5. The Little Red Chairs – Edna O’Brien

I had to google the book to remember what I had read in this novel. I had mistaken it for a worse book I read the year before. Once I found Joyce Carol Oates review, I remembered the book much more clearly. Ultimately, I can’t recommend it, even though I recognize the strengths of the book. Check out Oates review if you like…as I had to read another review to jog my memory, I have nothing to add.

6. What is Not Yours is Not Yours – Helen Oyeyemi

I was excited to read this short story collection, as I had heard many great things about Oyeyemi. However, at the time of writing this review I can’t recall any specific stories that stuck out — so while she is a rising literary star, the stories didn’t do it for me at the time.

7. The Obelisk Gate (The Broken Earth #2) – N.K. Jemisin (see next post for full trilogy review)

8. Sweetbitter – Stephanie Danler

I am still trying to figure out how I picked up this book or where I found the recommendation. Unfortunately, I can clearly remember the book, exploring the world of high-end restaurant work in NYC and petulant hipster nonsense. There are moments where I appreciated it, but mostly it was a bore and totally a waste of a read. Please don’t read this book.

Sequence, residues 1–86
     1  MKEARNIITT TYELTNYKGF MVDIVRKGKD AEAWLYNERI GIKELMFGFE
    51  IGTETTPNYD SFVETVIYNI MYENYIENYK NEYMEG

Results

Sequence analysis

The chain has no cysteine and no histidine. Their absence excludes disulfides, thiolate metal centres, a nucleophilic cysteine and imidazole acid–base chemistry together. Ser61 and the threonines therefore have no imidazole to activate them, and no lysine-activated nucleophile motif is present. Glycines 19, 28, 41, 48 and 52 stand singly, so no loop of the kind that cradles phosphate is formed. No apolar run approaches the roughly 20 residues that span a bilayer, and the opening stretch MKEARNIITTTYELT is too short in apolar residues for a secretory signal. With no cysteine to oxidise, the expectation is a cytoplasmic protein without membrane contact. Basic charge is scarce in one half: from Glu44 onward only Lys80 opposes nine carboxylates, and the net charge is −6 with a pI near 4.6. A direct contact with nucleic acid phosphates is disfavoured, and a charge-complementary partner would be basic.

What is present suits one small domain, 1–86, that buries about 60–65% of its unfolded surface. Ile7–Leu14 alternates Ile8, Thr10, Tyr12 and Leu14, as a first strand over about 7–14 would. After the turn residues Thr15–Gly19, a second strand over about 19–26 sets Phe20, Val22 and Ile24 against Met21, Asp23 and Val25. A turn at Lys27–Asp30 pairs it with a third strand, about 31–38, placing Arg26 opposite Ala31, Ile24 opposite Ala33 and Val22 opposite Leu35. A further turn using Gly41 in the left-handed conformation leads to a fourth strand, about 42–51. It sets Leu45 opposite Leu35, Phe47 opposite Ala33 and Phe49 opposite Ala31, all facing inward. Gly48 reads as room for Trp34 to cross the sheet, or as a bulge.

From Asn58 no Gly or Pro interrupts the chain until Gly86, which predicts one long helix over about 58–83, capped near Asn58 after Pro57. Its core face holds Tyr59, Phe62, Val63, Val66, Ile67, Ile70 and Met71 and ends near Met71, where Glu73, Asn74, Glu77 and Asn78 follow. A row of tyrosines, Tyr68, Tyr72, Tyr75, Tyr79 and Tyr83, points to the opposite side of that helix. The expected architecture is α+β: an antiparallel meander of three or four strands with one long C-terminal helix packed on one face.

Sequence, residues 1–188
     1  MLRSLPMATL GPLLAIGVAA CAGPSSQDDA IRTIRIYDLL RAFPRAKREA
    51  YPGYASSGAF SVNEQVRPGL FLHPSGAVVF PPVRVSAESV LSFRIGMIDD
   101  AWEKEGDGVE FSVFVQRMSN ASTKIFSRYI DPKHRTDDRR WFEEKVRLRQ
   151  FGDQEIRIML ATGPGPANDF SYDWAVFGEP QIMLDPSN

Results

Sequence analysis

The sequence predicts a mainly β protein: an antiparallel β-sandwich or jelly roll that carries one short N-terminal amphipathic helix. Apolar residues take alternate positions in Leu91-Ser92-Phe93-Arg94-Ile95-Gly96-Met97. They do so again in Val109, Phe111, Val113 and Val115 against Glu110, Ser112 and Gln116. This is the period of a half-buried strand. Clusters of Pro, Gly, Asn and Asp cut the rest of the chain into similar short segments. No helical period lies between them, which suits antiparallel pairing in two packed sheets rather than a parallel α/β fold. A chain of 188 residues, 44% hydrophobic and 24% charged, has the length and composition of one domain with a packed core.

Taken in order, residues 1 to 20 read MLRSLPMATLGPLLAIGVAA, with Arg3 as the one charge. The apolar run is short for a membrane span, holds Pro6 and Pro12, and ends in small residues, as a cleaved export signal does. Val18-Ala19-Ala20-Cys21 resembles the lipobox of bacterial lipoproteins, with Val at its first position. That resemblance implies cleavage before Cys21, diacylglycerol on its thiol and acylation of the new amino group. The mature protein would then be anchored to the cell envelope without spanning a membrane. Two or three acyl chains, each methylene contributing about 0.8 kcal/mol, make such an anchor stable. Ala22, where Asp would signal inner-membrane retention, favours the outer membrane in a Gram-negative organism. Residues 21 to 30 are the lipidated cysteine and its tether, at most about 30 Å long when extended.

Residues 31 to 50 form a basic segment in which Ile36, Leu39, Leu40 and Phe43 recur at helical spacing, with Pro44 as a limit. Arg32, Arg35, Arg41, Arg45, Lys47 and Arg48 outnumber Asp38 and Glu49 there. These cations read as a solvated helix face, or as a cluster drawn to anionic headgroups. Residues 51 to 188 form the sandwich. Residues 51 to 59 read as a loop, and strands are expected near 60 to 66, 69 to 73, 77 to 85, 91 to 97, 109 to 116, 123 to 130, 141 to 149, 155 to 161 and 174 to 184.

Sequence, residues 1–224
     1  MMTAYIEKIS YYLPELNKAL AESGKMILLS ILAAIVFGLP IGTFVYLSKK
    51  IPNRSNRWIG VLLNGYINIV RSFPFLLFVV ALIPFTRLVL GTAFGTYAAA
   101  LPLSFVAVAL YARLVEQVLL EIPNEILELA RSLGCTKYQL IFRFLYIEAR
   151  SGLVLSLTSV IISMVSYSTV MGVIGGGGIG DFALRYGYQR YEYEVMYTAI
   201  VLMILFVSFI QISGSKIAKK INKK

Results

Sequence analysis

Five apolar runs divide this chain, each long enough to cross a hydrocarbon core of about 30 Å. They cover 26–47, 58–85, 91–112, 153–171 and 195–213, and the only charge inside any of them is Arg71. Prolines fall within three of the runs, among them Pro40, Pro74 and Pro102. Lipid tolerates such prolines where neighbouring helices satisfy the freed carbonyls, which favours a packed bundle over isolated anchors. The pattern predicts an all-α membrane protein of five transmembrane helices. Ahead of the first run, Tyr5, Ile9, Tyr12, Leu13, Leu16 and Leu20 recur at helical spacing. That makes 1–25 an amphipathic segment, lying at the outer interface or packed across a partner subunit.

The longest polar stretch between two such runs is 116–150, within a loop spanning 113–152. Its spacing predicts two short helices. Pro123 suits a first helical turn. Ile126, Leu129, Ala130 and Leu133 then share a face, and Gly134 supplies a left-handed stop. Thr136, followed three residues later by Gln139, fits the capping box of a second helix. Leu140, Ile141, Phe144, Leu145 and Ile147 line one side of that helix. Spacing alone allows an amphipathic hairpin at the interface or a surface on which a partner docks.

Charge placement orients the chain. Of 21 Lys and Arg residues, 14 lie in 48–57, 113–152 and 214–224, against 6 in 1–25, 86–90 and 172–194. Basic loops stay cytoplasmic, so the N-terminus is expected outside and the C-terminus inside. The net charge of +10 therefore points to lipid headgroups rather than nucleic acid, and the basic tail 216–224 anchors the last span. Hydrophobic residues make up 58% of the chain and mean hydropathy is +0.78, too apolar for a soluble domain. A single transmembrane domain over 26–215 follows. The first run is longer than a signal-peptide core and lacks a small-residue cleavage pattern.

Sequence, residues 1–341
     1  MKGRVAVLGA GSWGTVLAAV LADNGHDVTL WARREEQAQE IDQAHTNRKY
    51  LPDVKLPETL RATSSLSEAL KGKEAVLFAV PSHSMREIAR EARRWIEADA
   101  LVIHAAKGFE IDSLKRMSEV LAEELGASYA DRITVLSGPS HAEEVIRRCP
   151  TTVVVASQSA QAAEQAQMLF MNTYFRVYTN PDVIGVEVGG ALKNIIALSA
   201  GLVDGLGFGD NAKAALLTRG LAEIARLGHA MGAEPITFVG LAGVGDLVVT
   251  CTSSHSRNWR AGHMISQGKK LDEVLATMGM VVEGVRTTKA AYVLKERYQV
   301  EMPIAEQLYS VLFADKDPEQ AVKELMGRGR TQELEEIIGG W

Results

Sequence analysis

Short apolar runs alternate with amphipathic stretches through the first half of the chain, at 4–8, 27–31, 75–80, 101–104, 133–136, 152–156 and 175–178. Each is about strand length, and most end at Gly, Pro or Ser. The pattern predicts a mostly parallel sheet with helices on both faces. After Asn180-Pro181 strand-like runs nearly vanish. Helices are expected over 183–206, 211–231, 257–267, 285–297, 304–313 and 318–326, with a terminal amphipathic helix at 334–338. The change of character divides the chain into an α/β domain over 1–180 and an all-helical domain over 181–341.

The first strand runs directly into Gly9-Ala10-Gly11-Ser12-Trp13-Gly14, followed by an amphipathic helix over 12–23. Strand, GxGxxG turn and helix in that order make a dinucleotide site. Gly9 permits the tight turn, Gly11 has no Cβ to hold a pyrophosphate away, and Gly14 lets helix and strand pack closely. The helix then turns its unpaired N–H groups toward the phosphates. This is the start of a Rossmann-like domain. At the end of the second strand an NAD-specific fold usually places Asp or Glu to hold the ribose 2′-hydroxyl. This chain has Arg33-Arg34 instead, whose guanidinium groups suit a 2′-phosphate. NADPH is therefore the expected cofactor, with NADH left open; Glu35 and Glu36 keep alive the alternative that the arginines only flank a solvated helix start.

9. Hegemony How-To: A Roadmap for Radicals – Jonathan Smucker

Hegemony How-To is a movement strategy book. It’s the first book I have seen published by A.K. Press (an anarchist publishing cooperative) where they prefaced that there was some pretty stark disagreements politically, but that it was worth being engaged. I agree. Smucker who blogged at Beyond The Choir writes a good sociological, theoretical, and practical book about organizing. If you are interested in thinking about the ways Leftists self-isolate, the patterns in which this develops and why, and how to break away from these cycles, its a book worth skimming. Of course, there are some pretty clear blindspots and missteps. Theoretically, I questioned, at times, how he understood communist thinker Gramsci and concepts of counter-hegemony. And by extension what Smucker believes or understands as radical transformation. More practically, questions about marginalized identities and how it fits into his matrix of reaching a broader public to build mass movements, remain.